It is estimated that there are over 147 million orphans worldwide. Of course, depending on what website you look at, you’ll see the number ranging between 143 million to 210 million. Regardless of the exact number, anything more than zero is too many. These children experience things that most of us could not even imagine. Life is without hope for them. Let’s face it: the statistics are grim. In Eastern Europe, less than half the orphans will live to see their 20th birthday. Of those that do survive to their 20th birthday, over half will end up in crime, drugs, and prostitution. In Africa, the AIDS epidemic runs rampant, leaving millions of children to suffer without their families while awaiting a similar fate. Orphans all over the world are victims of natural disaster, disease, poverty, malnutrition, and more. The facts are disheartening, and while most people feel bad, they become overwhelmed and push their feelings off, believing that it isn’t their problem.
Do you understand that, apart from Christ’s unmerited grace and undeserved mercy, you too were an orphan? You had nothing desirable to offer Him. In fact, Isaiah 64:6 says, “all of us have become like one who is unclean, and all our righteous acts are like filthy rags; we all shrivel up like a leaf, and like the wind our sins sweep us away.” Don’t miss what this is saying about us. The Hebrew word for “filthy rags” is “iddah beged” and actually means used menstrual cloth. Too graphic? Maybe so, but that’s what the Bible says we are presenting to God when we try to show Him all of the good things we’ve done apart from Jesus. You came with your own baggage and issues, but He never held that against you. He took you in and made you an heir (Romans 8:17; Galatians 3:29). If He can offer us this, why can’t we offer this same kind of compassion and love toward the orphans of the world?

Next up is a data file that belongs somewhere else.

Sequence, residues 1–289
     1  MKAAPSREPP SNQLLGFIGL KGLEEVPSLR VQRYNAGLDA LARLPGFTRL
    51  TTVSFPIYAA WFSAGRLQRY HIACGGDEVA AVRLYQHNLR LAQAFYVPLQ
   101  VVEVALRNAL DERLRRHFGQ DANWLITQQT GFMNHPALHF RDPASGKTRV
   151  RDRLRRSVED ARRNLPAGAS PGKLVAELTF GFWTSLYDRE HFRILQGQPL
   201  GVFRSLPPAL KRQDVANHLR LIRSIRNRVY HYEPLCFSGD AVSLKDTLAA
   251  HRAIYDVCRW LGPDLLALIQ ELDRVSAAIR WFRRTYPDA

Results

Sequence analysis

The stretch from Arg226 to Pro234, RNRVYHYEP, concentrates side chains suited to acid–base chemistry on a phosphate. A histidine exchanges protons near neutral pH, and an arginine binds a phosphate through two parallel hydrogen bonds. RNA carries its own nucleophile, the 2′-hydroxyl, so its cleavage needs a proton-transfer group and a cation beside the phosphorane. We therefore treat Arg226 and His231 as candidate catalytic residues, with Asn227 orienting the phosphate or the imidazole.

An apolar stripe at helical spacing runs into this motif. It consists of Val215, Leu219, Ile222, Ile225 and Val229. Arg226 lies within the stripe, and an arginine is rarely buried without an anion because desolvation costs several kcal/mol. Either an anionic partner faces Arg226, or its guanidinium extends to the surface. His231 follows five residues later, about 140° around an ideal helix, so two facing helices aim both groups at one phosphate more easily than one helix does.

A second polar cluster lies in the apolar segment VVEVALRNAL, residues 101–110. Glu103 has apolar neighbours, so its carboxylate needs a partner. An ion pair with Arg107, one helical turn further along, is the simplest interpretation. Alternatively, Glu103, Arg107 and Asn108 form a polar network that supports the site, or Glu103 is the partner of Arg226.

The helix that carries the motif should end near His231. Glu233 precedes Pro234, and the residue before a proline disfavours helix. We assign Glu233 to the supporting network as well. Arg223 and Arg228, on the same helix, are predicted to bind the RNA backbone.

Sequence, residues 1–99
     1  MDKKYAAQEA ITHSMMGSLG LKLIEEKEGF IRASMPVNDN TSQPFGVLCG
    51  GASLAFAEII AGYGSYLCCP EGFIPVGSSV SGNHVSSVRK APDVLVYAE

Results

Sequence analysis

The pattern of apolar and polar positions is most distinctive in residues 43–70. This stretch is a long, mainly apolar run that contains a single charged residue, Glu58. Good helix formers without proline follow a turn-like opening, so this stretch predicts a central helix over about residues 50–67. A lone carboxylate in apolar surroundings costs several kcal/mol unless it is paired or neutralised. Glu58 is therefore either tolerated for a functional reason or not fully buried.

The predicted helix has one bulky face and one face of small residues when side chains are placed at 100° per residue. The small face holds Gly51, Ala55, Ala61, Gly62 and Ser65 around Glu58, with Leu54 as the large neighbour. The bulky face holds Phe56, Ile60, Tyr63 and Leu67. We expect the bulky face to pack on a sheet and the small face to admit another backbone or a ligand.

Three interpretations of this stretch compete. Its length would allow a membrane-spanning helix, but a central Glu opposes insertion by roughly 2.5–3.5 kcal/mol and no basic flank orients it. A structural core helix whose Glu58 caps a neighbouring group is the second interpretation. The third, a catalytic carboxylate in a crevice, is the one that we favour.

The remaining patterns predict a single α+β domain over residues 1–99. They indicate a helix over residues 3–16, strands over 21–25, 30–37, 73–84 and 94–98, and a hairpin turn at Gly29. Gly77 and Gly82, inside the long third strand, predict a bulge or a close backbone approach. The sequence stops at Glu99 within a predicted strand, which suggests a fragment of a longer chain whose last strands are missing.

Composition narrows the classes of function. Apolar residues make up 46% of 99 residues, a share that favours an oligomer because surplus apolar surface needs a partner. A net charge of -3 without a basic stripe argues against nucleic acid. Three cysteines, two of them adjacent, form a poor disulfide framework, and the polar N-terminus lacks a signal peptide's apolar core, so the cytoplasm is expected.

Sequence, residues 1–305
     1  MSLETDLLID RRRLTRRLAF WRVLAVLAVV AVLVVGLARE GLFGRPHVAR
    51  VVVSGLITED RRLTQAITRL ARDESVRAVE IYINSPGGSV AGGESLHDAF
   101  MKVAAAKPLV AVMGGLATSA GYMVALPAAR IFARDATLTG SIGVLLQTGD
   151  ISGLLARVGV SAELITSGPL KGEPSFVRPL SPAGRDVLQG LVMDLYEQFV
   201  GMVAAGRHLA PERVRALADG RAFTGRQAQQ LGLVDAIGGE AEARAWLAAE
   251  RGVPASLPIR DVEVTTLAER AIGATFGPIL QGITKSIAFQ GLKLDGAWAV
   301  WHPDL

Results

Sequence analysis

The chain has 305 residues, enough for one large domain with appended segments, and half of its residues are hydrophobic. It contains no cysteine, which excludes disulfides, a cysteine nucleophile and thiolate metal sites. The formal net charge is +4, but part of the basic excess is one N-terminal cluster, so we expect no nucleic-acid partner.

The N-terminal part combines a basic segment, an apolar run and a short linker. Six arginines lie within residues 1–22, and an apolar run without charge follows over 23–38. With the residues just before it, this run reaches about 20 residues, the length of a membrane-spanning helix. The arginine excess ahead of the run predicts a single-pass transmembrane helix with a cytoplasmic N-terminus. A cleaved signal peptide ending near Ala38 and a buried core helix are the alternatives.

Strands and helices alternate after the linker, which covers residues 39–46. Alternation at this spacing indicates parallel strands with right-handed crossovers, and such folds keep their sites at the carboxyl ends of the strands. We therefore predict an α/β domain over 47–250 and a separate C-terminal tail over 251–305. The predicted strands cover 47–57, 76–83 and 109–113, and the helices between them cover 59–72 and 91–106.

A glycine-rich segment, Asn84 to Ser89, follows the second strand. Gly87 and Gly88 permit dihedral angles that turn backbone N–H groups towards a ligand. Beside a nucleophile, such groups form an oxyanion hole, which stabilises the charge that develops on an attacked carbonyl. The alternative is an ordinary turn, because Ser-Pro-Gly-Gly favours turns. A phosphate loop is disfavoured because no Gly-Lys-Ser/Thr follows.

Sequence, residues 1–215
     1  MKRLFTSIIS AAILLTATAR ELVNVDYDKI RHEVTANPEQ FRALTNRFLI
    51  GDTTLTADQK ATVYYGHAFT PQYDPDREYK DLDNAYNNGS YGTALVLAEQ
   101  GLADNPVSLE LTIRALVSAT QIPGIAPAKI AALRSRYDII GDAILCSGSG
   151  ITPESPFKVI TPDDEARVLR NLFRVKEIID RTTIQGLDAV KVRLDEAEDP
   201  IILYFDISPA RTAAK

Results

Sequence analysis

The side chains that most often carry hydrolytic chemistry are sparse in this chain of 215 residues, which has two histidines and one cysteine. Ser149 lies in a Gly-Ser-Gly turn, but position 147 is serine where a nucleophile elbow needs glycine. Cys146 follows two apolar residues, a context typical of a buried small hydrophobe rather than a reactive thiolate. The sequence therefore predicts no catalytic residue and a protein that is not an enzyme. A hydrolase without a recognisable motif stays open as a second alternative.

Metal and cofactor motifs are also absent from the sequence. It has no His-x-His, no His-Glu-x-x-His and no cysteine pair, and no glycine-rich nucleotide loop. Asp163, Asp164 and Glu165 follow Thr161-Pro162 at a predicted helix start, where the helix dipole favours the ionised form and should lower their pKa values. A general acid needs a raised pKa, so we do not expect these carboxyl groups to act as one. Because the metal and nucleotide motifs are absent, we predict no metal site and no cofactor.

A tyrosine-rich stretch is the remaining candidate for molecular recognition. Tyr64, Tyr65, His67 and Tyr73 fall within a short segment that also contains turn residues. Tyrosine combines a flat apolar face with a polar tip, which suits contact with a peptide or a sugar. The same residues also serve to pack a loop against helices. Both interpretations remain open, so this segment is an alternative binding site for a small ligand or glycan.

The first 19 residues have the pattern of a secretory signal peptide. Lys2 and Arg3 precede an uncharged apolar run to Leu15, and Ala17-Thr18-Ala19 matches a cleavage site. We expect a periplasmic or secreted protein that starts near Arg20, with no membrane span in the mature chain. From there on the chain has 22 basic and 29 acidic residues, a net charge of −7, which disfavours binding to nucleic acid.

Guess what, Christian? Your life is NOT your own. It was bought at a price (1 Corinthians 6:19-20). Your agenda no longer matters, and contrary to certain preachers who advocate for your best life now, God’s utmost concern is not for what makes your life the best in your eyes, neither is it for your comfort or your happiness. God’s utmost concern is for His glory and your holiness, which is what separates you from the rest of this world (Romans 11:36; Isaiah 43:7; 1 Thessalonians 4). He wants to make you become like Him. And you are never more like Christ than when you are loving others and giving to them sacrificially (John 13:34-35; John 15:13). I’m also saying that when the Lord calls you to love others like this, it’s probably going to look crazy to the rest of the world (I mean, c’mon, what Jesus did while He was here on earth…it looked crazy to those around Him, and people thought he was in league with Satan - Matthew 12:22-29. In Acts 2, when the disciples are preaching on the day of Pentecost, people accused them of being drunk. Yeah, we should probably look a little crazy to the world). But not looking like the rest of the world…well…that’s a GOOD thing! As Christians, we are called to be salt and light. We shouldn’t blend in with the rest of the world…we should standout! (Matthew 5; Romans 12:1-2).